Boomer Blog: When the world intrudes


By Shirley Scott



The deaths of Carrie Fisher and her mother brought back memories of the Eddie Fisher-Elizabeth Taylor-Debbie Reynolds love triangle that played itself out in the press in the late 50’s. I was recalling other childhood news stories, when I heard about the shooting at West Liberty-Salem and realized that the world had intruded…

In grade school I was not consistently aware of current events. We read a child’s version of them at school in the Weekly Reader; otherwise, I spent my time being a kid.

Eventually I read the UDC every day, just as my parents did. We also watched the evening news with Walter Cronkite on CBS. By the way, Cronkite remains for me the gold standard of newsmen.

During the summer after second grade I closely followed the CBS coverage of an ocean liner tragedy. When the Andrea Doria sank after a collision with the Stockholm, I became fascinated by watching the passengers – wet, cold, and dazed – being helped to safety.

Hollywood scandal made headlines then as regularly as now. There were scads of movie star marriages and divorces as well as the drama of Cheryl Crane, Lana Turner’s daughter, who stabbed Johnny Stompanato, Turner’s abusive gangster boyfriend. It was pretty racy stuff at the time.

My awareness of national and world events naturally increased with my age. By junior high I was convinced the Russians would bomb America any day, and my high school years were dominated by the Cuban missile crisis and the Kennedy assassination.

It was a local event that made the most lasting impression on my young mind. During 4-H camp a nasty knee injury during a fall on the blacktop sent me to the nurse, who changed my dressing daily – and knew all the right things to say to a socially-awkward 11-year-old away from home for the first time. And her name was Shirley!

Horribly, this wonderful young woman and her brother were murdered by their father six months later, on Thanksgiving morning. I read every word of UDC coverage. Up to that point, I knew only one person who had died – my Grandfather Maurice. No one I knew had ever been killed. She was my nurse. And her name was Shirley…

As I began to draw some conclusions about how news affected me as a child, an uneventful Friday at West Liberty-Salem School suddenly turned tragic. The term “active shooter” became real. What parents fear, what school employees guard against but plan for, the unthinkable – it came to pass.

It was surreal to watch the media descend upon the school just up the road and to follow developing events on Facebook – even as the community wrapped its collective arms around everyone’s children and held tight.

I am not sure things are any more or less frightening for young people currently than back in the day. Sadly, there will always be murders and scandals. The threat of nuclear attack loomed then every bit as large as the threat of terrorism does now.

There is, however, stark contrast between the access I had to scary news compared to youngsters today. When I was a kid, the evening news lasted just fifteen minutes until Walter Cronkite became the first newscaster to anchor a half hour program.

Now kids can watch the news 24/7 on any number of stations – often on their own televisions in their own rooms. Newspaper articles and TV kept me up-to-date, but kids in this century also find information online and through social media – frequently without parental supervision or knowledge.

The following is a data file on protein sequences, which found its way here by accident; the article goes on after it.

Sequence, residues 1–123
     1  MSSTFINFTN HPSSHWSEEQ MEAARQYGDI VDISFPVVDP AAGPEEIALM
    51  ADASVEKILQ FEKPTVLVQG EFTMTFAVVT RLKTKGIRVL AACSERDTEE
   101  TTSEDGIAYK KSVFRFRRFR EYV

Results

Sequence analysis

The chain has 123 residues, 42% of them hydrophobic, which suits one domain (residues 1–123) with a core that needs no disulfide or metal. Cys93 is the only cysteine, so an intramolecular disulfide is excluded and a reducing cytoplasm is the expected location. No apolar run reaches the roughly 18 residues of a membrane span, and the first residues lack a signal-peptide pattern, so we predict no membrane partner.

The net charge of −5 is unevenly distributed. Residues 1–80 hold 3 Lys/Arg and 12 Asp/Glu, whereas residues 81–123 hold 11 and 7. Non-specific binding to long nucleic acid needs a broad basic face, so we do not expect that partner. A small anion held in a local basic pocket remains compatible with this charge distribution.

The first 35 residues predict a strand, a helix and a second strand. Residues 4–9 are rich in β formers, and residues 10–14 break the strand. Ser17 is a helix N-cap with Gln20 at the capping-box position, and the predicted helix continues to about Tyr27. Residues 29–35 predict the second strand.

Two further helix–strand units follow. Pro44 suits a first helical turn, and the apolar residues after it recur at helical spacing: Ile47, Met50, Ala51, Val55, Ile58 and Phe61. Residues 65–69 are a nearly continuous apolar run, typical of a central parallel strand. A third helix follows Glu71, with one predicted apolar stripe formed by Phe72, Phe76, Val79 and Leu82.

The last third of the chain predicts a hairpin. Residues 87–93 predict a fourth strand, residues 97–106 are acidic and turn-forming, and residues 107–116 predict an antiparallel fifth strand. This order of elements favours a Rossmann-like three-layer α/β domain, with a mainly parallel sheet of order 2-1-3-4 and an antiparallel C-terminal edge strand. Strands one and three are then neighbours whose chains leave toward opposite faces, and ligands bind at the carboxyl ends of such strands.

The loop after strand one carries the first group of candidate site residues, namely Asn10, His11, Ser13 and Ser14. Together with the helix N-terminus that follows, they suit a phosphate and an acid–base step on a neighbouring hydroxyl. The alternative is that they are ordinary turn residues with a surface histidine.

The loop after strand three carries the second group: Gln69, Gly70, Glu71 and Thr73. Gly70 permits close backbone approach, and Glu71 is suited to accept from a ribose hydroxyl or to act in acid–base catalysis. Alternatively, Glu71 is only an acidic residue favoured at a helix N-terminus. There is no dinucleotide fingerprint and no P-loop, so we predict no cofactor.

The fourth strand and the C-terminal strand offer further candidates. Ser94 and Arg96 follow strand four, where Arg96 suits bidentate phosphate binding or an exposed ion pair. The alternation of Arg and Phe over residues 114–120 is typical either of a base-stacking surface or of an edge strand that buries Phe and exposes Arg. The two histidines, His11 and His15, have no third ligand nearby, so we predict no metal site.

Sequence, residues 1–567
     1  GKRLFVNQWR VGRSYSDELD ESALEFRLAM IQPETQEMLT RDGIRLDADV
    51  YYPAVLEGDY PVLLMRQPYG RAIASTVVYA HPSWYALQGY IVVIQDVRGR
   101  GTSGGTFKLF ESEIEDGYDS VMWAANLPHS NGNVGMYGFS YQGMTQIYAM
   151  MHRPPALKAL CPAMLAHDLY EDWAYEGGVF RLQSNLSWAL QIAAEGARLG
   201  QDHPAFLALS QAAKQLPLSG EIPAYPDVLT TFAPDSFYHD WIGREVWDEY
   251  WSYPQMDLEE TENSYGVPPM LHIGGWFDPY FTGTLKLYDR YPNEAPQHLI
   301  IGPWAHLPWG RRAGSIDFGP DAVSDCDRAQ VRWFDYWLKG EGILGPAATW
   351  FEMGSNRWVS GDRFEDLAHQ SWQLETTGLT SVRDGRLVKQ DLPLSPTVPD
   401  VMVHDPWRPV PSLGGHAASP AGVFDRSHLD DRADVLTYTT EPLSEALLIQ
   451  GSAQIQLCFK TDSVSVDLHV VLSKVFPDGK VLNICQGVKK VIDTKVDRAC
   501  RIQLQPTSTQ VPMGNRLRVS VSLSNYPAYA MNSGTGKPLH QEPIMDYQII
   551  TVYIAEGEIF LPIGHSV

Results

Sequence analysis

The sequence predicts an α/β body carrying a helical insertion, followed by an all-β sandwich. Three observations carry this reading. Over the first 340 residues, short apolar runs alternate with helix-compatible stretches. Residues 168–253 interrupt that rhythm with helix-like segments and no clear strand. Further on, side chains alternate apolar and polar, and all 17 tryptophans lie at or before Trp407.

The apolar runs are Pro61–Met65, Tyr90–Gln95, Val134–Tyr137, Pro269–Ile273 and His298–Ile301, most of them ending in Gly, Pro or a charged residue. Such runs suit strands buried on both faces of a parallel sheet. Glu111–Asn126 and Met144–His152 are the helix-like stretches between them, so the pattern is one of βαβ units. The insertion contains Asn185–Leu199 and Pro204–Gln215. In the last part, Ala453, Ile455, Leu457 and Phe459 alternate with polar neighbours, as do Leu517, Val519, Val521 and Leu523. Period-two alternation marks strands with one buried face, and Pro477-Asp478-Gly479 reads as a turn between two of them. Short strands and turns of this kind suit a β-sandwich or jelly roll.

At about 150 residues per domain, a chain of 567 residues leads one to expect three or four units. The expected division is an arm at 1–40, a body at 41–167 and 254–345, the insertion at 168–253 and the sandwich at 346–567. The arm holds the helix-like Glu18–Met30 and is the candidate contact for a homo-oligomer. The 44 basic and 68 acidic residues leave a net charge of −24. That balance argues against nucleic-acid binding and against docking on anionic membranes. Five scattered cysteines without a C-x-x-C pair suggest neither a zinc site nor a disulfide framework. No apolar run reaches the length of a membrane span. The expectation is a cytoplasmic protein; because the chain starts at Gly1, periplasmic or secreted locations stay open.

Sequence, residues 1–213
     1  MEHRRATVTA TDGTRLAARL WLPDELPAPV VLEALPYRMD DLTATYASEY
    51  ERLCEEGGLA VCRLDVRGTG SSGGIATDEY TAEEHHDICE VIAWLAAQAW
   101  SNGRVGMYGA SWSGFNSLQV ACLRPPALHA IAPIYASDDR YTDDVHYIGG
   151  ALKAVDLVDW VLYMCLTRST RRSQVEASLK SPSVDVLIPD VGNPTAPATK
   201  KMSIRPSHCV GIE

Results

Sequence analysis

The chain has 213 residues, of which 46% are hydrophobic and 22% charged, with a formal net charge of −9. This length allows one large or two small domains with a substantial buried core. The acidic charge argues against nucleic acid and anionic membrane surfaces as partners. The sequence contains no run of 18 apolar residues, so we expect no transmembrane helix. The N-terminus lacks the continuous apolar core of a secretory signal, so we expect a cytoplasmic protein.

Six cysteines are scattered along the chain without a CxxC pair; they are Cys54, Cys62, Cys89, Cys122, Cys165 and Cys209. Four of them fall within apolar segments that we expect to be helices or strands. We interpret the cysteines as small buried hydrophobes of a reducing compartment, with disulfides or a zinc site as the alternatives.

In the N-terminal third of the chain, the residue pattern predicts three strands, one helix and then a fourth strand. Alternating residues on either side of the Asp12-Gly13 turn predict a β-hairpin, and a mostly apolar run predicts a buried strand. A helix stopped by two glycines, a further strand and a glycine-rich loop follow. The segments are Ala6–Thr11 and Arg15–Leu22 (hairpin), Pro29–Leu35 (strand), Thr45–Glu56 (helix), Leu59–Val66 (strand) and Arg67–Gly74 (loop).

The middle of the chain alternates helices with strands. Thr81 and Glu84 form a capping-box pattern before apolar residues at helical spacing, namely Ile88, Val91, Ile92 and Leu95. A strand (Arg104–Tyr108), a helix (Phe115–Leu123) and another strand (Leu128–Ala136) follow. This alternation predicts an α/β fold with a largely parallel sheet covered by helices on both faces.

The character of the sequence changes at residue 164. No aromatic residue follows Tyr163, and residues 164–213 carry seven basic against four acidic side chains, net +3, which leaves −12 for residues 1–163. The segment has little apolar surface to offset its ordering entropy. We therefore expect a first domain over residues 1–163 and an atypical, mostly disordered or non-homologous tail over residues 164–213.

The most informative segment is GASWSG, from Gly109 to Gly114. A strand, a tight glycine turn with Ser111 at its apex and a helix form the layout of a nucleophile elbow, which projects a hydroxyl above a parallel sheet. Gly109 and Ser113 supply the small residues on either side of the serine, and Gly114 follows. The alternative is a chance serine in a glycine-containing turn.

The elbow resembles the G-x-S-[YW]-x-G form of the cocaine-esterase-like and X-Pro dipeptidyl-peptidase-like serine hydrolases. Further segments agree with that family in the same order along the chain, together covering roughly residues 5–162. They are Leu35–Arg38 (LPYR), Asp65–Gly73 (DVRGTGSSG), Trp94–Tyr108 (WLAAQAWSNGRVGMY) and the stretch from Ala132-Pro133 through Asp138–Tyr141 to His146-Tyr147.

I did not discuss the news with my parents, although I suppose I could have. They might have been surprised by what I understood and what concerned me. I guess my rock-solid home life helped me learn to keep disturbing events in perspective.

I worry more about kids now. With so much information so available in so many forms, it is incumbent upon adults to be aware of what children are experiencing – although admittedly it is impossible to control access to or discuss every news item and even more impossible to ascertain how indelible an impression is being made.

The work for every adult in the life of any West Liberty-Salem student has just begun. The open house last Monday provided an essential first step in helping everyone move forward. Staff members in the coming weeks will do exactly what I would have done: reestablish a steady routine – all the while watching students like a hawk for signs of lingering stress and distress.

I hope parents and teachers in surrounding schools will also be on the lookout for anxiety. The outpouring of orange-and-black support has been remarkable, as the Tigers grow stronger every day. But grownups are not the only ones to think that if it can happen at West Liberty-Salem, it is not out of the realm of possibility for Mechanicsburg or Triad or Urbana or Graham.

During my years in the classroom with other people’s kids, I came to realize that one of the most important things parents and teachers can give the young people in their lives is perspective. We must listen carefully and explain as best we can; we must realize that neither overreaction nor underreaction is particularly beneficial; we must provide a sense of normalcy even as we hold every kid a little closer to our hearts.

When the world intrudes…

By Shirley Scott

Shirley Scott, a 1966 graduate of Graham High School, is a native of Champaign County. After receiving degrees in English and German from Otterbein College, she returned to GHS in 1970 where she taught until retiring in 2010. From 1976-2001 she coordinated the German Exchange Program with the Otto-Hahn-Gymnasium in Springe.

Shirley Scott, a 1966 graduate of Graham High School, is a native of Champaign County. After receiving degrees in English and German from Otterbein College, she returned to GHS in 1970 where she taught until retiring in 2010. From 1976-2001 she coordinated the German Exchange Program with the Otto-Hahn-Gymnasium in Springe.